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Volume 12, Number 7—July 2006

H5N1 Influenza Virus, Domestic Birds, Western Siberia, Russia

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To the Editor: Highly pathogenic H5N1 avian influenza virus caused disease outbreaks in poultry and wild birds in several Asian, European, and African countries from 2003 to 2006. This virus caused >90 human deaths in Vietnam, Thailand, People's Republic of China, Indonesia, Turkey, Iraq, and Cambodia (13). Hemagglutinin (HA) and neuraminidase (NA) genes of this virus were derived from the Gs/Gd/1/96-like lineage, and 6 genes that encode internal viral proteins were derived from other lineages (1).

Highly pathogenic H5N1 virus genetically related to the A/Chicken/Shantou/4231/03 (People's Republic of China) isolate caused disease outbreaks in poultry in Japan from the end of December 2003 to March 2004 (4). In May and June 2005, highly pathogenic H5N1 virus was isolated from migratory birds during disease outbreaks near Lake Qinghai in western People's Republic of China. HA, NA, and nucleoprotein genes of the Qinghai virus were closely related to H5N1 virus A/Chicken/Shantou/4231/03 isolated in People's Republic of China in 2003. Five other viral genes (matrix, PA, PB1, PB2, and nonstructural protein) were closely related to an H5N1 Hong Kong Special Administrative Region, People's Republic of China 2004 isolate (A/Peregrin falcon/HK/D0028/04) and H5N1 virus A/Chicken/Shantou/810/05 isolated in People's Republic of China in 2005 (5,6).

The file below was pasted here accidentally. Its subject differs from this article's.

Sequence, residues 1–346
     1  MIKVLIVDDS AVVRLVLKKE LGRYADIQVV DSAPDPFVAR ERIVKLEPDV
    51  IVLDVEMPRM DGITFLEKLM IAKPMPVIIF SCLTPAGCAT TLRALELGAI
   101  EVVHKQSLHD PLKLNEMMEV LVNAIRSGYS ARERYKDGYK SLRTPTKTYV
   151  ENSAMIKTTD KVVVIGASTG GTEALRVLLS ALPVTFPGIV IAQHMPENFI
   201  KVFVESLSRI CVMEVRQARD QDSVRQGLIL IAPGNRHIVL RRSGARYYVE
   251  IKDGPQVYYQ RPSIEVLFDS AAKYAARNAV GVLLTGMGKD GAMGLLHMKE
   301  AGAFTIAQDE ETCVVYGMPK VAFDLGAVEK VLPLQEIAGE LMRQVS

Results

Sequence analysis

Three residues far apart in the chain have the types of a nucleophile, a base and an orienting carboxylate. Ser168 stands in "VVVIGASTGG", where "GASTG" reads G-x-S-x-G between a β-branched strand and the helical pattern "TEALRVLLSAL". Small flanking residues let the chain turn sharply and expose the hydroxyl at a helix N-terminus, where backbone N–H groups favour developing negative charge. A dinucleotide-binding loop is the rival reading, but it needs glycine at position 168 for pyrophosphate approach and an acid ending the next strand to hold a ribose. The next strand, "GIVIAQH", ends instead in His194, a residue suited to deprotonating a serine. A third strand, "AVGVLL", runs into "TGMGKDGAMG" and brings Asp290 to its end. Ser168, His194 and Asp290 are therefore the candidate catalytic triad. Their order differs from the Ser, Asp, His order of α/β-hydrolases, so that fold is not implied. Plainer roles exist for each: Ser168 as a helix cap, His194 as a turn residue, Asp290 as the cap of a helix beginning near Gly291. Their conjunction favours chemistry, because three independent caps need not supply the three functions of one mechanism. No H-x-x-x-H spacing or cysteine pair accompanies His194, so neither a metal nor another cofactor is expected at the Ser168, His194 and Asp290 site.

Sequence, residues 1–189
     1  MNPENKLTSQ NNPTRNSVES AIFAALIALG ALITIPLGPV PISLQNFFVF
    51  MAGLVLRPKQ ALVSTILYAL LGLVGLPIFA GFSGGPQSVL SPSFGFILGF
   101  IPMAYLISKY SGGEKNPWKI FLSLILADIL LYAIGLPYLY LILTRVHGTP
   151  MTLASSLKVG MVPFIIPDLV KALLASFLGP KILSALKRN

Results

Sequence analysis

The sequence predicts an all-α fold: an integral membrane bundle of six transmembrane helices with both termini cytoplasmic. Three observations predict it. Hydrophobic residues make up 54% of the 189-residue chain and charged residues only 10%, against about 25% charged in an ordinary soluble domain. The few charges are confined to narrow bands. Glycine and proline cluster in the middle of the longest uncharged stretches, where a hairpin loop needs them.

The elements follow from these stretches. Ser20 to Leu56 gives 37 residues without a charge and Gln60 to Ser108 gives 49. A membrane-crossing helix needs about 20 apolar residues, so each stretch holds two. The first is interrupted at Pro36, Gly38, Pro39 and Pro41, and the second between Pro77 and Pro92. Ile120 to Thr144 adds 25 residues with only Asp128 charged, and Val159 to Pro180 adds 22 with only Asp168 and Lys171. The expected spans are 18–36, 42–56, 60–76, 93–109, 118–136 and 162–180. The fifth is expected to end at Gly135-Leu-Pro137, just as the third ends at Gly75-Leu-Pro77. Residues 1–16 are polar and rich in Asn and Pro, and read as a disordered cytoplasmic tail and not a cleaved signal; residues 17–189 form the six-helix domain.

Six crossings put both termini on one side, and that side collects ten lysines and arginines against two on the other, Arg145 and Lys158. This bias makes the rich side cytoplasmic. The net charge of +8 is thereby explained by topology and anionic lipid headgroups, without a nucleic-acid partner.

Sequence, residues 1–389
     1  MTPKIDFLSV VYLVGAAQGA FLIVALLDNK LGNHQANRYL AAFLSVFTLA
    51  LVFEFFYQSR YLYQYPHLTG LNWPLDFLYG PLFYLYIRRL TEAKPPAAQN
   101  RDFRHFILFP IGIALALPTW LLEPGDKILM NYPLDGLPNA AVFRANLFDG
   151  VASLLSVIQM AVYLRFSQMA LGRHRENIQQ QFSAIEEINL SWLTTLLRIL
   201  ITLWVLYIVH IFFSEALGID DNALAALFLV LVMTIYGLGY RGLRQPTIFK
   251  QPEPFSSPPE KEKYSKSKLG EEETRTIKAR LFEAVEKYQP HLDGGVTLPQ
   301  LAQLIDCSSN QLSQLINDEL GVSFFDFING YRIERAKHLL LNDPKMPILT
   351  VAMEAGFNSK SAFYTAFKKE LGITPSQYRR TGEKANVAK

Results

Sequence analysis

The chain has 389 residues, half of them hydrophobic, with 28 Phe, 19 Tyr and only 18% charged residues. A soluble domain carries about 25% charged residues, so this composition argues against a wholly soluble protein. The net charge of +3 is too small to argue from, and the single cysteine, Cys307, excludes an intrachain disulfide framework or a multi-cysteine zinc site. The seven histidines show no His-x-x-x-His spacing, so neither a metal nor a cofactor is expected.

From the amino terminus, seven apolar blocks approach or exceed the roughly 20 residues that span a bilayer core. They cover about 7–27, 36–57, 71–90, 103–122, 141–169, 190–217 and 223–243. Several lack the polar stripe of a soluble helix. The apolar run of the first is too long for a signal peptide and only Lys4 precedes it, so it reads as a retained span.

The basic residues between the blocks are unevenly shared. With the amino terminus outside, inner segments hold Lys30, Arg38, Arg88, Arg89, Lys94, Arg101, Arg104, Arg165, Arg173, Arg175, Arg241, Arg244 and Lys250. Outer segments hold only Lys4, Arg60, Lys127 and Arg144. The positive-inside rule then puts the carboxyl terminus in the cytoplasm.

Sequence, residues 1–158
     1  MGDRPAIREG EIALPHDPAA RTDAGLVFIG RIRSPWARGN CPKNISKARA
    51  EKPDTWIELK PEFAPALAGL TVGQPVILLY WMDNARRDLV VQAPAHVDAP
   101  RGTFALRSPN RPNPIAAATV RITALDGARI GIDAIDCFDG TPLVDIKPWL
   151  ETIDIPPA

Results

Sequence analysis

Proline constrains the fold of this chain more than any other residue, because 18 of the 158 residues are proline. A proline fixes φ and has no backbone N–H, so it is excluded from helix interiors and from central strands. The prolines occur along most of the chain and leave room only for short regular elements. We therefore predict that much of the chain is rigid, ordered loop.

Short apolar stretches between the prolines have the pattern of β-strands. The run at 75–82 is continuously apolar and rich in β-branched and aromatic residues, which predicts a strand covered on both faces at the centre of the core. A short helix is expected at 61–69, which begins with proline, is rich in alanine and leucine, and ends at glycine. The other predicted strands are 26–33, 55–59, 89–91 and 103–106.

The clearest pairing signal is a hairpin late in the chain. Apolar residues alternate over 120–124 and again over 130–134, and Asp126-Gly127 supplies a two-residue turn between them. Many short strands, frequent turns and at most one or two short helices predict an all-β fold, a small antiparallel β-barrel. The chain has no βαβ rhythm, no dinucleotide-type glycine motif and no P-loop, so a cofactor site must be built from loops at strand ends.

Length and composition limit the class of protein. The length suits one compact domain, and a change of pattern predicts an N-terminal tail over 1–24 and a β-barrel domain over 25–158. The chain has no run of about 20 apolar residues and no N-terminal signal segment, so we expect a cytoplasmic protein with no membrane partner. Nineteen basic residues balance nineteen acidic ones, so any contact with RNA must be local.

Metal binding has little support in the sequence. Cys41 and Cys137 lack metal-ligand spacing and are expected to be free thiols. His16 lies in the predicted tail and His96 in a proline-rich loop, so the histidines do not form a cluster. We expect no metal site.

In July 2005, domestic poultry began to die in the village of Suzdalka in western Siberia, Russia (Dovolnoe County, Novosibirsk region). Autopsies showed serious alterations in all internal organs tested. Approximately 95%–100% of the lungs were affected, and all serous membranes showed petechial and confluent hemorrhages. The highest concentration of hemorrhages was in the pericardium.

Organs from 3 birds (1 turkey and 2 chickens) that had died during this outbreak were further analyzed. Homogenates of lungs, kidneys, and spleens were tested by hemagglutination inhibition (HI) assay. The highest titers, 32 and 16, were observed in the spleen of the turkey and kidneys of the chickens, respectively. H5 influenza A virus was identified in a homogenate of turkey spleen by conventional HI assay (7) with a panel of reference antisera.

For the identification of NA subtype, RNA was isolated from turkey spleen homogenate and synthesis of viral cDNA was performed as previously described (7). Amplification by polymerase chain reaction (PCR) and sequencing of an NA gene fragment were performed with in-house primers (sequences of primers are available on request). The nucleotide sequence obtained (547 bp, GenBank accession no. DQ231243) showed 100% identity with the NA gene of H5N1 viruses isolated in People's Republic of China in 2005 (e.g., A/Great black-headed gull/Qinghai/1/05) (5,6).


Figure. Phylogenetic tree of H5 hemagglutinin genes of influenza A viruses. The 3 H5 western Siberian 2005 viruses isolated in this study are shaded. Phylogenetic analysis was performed by the neighbor-joining method...